You’re probably wondering, how do dogs get pink eye? Well, there are different types - bacterial and viral infections are the most common. 

Viral conjunctivitis

This type of conjunctivitis is particularly contagious. It’s caused by a virus such as canine distemper. It can take at least three weeks, sometimes four, to fully recover from. 

Bacterial conjunctivitis

This is also very contagious and can be caused by bacteria such as staphylococcus or streptococcus. This can take five to seven days to recover from. 

Allergic conjunctivitis

This type isn’t contagious as it’s caused by an allergic reaction. This can include mites, dust and pollen. Any dog can get this but particularly those with atopic dermatitis. This will continue until you discover the underlying allergen. 

Dog pink eye can also be caused by: 

  • Obstructed or inflamed tear ducts
  • Defect of the eyelash or eyelid 
  • Dry eye
  • Congenital or breed-specific ailments and abnormalities
  • Trauma to the eye 
  • Tumors of the eye or eyelid 

Although any dog can get conjunctivitis there are certain breeds that are more prone to it. These include pugs, poodles and pekingese.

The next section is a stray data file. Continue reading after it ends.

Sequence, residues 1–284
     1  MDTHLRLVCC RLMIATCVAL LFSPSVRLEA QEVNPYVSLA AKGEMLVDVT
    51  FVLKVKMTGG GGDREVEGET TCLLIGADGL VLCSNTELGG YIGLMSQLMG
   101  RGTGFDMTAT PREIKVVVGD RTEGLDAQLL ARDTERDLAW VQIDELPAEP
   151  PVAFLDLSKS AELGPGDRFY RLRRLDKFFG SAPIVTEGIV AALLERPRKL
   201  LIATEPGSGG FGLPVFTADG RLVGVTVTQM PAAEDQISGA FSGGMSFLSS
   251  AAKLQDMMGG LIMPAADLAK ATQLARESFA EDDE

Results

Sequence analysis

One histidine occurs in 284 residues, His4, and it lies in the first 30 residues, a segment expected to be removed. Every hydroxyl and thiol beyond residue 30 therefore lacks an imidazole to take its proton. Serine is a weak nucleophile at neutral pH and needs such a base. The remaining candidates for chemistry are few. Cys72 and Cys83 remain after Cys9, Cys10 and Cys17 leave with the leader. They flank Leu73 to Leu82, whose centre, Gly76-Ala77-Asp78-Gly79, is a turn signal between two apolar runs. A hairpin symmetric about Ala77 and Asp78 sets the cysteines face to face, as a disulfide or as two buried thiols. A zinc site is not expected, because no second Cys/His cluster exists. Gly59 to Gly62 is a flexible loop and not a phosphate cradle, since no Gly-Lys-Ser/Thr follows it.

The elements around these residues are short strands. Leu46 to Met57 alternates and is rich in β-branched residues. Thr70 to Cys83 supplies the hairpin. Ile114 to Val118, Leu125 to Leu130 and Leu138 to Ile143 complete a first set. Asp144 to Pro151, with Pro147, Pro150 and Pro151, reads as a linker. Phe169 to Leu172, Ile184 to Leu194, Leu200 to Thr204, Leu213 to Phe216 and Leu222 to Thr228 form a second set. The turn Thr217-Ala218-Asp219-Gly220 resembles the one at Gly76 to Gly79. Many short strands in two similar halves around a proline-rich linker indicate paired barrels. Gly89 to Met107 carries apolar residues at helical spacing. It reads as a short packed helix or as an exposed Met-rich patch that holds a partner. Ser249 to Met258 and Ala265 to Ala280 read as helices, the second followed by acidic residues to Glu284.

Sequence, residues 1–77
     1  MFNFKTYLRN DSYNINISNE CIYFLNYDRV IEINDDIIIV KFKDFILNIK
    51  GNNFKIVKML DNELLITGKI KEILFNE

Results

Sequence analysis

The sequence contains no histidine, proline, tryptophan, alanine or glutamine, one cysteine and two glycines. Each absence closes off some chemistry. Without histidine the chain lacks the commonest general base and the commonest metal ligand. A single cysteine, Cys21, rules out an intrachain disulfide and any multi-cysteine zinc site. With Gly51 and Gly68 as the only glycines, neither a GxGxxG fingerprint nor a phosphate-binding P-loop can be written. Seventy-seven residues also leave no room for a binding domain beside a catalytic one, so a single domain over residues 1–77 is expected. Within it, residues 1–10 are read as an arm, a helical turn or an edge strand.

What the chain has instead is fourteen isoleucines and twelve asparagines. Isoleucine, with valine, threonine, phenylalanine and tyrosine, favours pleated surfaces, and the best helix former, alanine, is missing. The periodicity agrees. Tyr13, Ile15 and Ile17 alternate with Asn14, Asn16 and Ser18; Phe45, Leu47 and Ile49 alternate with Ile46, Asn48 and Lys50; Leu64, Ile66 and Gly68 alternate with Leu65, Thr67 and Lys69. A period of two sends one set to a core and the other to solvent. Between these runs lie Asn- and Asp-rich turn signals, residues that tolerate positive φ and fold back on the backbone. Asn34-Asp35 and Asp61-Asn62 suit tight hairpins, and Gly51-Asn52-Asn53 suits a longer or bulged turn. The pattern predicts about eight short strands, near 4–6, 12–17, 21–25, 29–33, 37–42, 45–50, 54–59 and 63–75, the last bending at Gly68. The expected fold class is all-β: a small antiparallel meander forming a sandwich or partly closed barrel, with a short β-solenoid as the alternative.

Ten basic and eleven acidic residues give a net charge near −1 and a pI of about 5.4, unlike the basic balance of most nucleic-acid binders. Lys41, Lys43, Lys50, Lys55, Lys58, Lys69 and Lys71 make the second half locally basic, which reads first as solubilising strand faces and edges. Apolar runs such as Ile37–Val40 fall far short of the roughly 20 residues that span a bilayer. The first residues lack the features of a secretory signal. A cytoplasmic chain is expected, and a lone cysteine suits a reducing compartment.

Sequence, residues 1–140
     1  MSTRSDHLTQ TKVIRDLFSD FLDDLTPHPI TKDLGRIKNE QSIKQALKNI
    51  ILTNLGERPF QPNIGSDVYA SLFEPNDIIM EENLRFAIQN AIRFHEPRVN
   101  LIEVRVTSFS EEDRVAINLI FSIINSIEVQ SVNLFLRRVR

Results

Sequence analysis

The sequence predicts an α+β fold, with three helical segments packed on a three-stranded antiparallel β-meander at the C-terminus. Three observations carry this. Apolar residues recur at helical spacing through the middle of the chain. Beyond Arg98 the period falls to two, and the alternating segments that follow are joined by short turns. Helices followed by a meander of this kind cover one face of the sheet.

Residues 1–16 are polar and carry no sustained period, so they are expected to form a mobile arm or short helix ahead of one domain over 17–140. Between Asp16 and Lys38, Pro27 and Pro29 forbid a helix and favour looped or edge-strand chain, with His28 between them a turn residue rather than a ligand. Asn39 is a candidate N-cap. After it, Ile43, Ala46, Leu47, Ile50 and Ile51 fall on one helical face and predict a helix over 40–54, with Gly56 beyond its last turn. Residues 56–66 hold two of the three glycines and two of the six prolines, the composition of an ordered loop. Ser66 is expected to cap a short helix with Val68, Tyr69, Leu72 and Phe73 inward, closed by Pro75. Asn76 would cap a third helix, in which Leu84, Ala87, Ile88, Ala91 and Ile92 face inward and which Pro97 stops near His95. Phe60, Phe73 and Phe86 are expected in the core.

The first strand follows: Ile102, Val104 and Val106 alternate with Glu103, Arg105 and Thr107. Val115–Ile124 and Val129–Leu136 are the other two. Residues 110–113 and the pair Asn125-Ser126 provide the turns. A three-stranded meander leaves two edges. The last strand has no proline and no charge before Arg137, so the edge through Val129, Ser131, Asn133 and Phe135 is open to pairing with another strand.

You’ll find the symptoms are often the same or very similar despite the cause. This is why it’s so important to see your vet to rule out any of the more serious underlying conditions such as tumors.

Can dogs get pink eye from humans?

You’ve probably heard conjunctivitis is very contagious – so if you’ve had it you might be wondering if you can give it to your dog. The short answers are – yes it is and yes you can. 

It’s easy to spread the bacteria among humans and if dogs come into contact with the discharge then they can get it too. 

If you or anyone in your family has conjunctivitis then it’s best to keep away from your dog.

Can humans get pink eye from a dog?

If they can get it from you, you might be wondering - can you get pink eye from a dog? It’s very unlikely. If they have viral conjunctivitis then this is not contagious to you at all.

It is possible to get bacterial conjunctivitis - which is spread by direct contact. Make sure you wash your hands thoroughly both before and after touching your dog, just to be on the safe side.

Diagnosis of pink eye in dogs

If you suspect your dog has pink eye, begin by monitoring their eyes for redness and swelling. 

It could be that dust has blown into their eye or a swim in murky water has caused temporary irritation. If these symptoms don’t go away after a couple of hours, or there is mucous discharge present, see a veterinarian right away.

The symptoms alone are not enough for the vet to give a diagnosis of pink eye. Their aim will be to determine whether conjunctivitis is the only problem, or if it is indicative of an underlying condition.